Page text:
My Education’s solemn LP, A Drink For All My Friends, was released this past November as a dedication to “everyone we’ve lost.” The album is entirely instrumental, and seeks to be a thought-provoking influence in the minds of its listeners.
The first two tracks are meant to be related to one another, as their titles suggest. “A Drink…” is a short piece, spanning less than two minutes, and sets the tone for what’s to come in the rest of the album. Taking the forefront of the song is a harmony of violins that complement a solitary vibraphone. It’s the type of song that would be played during the holiday season, as it definitely has a calm and soothing effect on the listener. Transitioning to “…For All My Friends,” we are finally greeted by a chorus of guitars and drums, although there remains a gloomy feel. At one point in “Mister 1986,” you can almost hear what sounds like raindrops, or a basketball dribble on a court, in the background, before the viola and guitars arrive once again. The melody creates an atmospheric ambience that somewhat clears your muddled feelings and worries and brushes them away. The piano in the backdrop serves to add to the moody feeling, and is a centerpiece of the song.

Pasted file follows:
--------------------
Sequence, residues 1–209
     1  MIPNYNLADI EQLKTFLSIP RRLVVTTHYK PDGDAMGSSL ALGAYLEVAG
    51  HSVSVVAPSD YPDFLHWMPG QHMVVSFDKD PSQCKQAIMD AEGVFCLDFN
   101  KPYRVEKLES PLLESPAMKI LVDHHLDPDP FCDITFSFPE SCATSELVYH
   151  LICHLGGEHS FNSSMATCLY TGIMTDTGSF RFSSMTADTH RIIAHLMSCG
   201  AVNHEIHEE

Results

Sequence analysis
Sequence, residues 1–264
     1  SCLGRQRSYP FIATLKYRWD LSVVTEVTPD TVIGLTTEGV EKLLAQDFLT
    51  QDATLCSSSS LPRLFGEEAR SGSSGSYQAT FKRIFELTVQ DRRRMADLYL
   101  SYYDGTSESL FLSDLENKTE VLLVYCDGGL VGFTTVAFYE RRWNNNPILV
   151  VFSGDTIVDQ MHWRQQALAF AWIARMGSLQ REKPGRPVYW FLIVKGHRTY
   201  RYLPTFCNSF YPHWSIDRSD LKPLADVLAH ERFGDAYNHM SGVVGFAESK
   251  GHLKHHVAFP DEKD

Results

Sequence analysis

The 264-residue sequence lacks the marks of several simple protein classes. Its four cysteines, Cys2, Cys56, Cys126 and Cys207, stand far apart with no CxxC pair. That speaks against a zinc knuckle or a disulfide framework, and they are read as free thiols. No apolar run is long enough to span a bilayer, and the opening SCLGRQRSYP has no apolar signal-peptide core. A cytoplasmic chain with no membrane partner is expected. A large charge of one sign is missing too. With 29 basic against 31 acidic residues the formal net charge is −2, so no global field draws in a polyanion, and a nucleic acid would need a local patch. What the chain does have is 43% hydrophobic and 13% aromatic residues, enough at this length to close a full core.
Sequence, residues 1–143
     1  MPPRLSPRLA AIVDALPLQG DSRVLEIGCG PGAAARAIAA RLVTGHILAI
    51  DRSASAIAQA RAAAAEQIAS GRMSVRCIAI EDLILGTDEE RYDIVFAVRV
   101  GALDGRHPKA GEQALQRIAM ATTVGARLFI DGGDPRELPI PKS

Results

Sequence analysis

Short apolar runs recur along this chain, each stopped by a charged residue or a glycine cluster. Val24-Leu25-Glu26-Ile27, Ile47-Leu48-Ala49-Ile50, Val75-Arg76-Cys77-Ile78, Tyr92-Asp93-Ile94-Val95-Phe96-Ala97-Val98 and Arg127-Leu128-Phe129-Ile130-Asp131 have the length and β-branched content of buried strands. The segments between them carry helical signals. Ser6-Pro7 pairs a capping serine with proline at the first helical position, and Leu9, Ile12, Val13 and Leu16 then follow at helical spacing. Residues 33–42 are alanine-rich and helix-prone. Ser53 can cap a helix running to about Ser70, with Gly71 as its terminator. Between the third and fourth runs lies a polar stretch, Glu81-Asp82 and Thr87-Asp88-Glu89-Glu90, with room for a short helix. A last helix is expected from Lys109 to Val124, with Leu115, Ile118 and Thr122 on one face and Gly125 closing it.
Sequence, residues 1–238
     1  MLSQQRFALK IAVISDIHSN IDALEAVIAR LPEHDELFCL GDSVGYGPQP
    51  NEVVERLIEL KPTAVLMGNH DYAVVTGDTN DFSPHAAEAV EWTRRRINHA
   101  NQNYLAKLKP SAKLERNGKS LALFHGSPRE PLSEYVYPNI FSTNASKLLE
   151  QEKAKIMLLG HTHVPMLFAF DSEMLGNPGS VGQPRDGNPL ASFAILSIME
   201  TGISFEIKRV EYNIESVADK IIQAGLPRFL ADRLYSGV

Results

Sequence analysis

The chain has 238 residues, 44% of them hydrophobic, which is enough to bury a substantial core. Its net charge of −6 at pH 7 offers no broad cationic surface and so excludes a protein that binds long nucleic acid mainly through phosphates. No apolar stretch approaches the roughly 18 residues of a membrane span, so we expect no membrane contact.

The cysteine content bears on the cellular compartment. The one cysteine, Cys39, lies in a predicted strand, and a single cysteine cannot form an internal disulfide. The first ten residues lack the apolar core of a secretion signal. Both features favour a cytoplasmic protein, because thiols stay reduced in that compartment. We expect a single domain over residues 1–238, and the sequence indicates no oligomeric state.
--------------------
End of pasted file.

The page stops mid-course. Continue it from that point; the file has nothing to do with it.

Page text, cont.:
The nadir of the album arrives in “Black Box.” It’s way too long and seems to drag on and on endlessly. Everything about the track sounds like it’s been slowed down exponentially, adding up to a single that simply isn’t worth listening to.
The problem with A Drink For All My Friends is that it never really gets going. It has a few flashes of potential here and there, but the sullen mood that it seeks to create is just too much for me to bear.
In A Word: Comatose